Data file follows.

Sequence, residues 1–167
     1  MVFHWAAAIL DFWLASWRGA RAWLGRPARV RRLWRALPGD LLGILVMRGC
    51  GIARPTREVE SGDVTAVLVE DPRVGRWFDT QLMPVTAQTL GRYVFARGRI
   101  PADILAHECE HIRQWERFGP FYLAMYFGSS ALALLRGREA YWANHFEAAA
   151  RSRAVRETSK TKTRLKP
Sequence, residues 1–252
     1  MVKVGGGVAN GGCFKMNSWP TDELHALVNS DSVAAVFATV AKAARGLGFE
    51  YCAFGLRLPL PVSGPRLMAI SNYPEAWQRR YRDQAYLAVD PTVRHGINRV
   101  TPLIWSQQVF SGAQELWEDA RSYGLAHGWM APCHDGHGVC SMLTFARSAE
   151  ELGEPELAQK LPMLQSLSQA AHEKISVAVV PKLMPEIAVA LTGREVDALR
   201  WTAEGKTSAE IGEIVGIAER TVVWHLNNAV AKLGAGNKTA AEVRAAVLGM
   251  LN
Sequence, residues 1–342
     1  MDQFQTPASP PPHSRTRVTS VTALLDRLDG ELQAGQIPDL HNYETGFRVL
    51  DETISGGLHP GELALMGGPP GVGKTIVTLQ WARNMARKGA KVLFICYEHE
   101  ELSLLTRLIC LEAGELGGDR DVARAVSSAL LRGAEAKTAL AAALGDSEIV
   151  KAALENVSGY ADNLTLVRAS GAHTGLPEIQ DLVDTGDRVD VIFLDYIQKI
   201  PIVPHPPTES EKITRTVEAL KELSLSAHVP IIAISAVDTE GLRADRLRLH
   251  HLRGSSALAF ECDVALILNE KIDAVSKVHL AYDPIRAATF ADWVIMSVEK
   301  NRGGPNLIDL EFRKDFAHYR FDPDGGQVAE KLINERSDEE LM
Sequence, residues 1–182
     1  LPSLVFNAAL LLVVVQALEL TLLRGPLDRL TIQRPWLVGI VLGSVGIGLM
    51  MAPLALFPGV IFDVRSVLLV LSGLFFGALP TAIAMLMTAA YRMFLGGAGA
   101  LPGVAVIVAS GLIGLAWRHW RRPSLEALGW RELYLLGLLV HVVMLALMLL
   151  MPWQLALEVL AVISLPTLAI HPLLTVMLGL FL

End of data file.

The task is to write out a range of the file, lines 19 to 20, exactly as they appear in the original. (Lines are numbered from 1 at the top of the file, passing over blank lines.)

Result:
   251  HLRGSSALAF ECDVALILNE KIDAVSKVHL AYDPIRAATF ADWVIMSVEK
   301  NRGGPNLIDL EFRKDFAHYR FDPDGGQVAE KLINERSDEE LM